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li·mes (L),

(lī'mēz), The plural of this word is lim'ites, not limes.
A boundary, limit, or threshold.
See also: L doses.


A boundary, limit, or threshold.
See also: L doses


(L) (lī'mēz)
A boundary or threshold.
References in periodicals archive ?
The Frontiers of the Roman Empire World Heritage Site represents the borderline of the Roman Empire at its furthest extent in the second Century.
Admittedly, even as these developments transcended the former frontiers of the Roman empire, spreading to Scandinavia and the lands north of the Danube, there still remained something vaguely Roman about them.
For Williams the story of the frontiers of the Roman Empire is one of emperors, bricks, and mortar, and neither the Romans living on the frontier nor those living across it receive much attention.
The Duke of Gloucester was at Housesteads Roman Fort on Hadrian's Wall to unveil the plaque renaming the wall as part of the new Frontiers of the Roman Empire Trans-national World Heritage Site.
They include Stonehenge, the Frontiers of the Roman Empire including Hadrian's Wall, Westminster Palace and the Tower of London.
Prof Sebastian Sommer, chairman of the German sections of the Frontiers of the Roman Empire World Heritage Site, of which Hadrian's Wall is a part, said:"On my first pilgrimage in 1989 there were not only archaeologists and historians, but also economists, carpenters, stone masons, housewives, - all sorts of interested and interesting people."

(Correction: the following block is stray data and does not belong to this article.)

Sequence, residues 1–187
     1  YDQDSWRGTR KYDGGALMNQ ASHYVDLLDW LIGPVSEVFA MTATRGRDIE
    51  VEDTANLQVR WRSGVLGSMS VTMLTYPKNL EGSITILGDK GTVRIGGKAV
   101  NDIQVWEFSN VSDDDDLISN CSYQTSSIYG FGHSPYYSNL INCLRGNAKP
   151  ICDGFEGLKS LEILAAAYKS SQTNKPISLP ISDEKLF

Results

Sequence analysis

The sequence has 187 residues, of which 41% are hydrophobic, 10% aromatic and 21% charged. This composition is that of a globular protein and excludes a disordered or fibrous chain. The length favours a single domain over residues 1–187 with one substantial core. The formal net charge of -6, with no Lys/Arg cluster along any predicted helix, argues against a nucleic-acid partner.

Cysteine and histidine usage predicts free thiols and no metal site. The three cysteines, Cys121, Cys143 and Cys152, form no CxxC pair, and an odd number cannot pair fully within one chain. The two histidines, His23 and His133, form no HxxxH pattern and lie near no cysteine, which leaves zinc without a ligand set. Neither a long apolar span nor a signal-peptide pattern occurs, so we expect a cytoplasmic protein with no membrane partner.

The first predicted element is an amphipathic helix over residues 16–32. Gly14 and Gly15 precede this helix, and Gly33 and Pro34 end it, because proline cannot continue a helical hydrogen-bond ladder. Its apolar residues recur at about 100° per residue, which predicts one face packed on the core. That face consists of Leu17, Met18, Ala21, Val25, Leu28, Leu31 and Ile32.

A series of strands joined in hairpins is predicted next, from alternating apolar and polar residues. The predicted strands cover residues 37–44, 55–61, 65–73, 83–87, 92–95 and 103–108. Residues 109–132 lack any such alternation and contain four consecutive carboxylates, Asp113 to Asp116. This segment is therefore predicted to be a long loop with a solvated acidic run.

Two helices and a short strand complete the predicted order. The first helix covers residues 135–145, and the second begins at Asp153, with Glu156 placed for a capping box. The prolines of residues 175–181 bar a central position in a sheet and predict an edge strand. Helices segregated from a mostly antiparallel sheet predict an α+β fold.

Frontiers of the Roman Empire The Danube Limes (Austria / Germany / Hungary /Slovakia)
He is the author of Warfare in Roman Europe, AD 350-425 in 1998, and Frontiers of the Roman Empire in 2012) covers the rise of Christianity, the key Church Councils, the fall of the West to the Barbarians, the Justinianic reconquest, and concludes with the twin wars against Persians and Arabs in the seventh century AD.
The decision on the inscription is expected in summer 2019, the Sme daily wrote .The Danube LimesThe Frontiers of the Roman Empire - Danube Limes nomination project was established as a cooperation between Germany, Austria, Slovakia and Hungary.
By the middle of the fourth century A.D., German tribes were settled all along the northern frontiers of the Roman Empire, from the Rhine to the Danube.
Examples around the world include the Pyramids, the Machu Picchu, the Victoria Falls, the Great Barrier Reef, the historic centre of Florence, and the Frontiers of the Roman Empire, including Hadrian's Wall.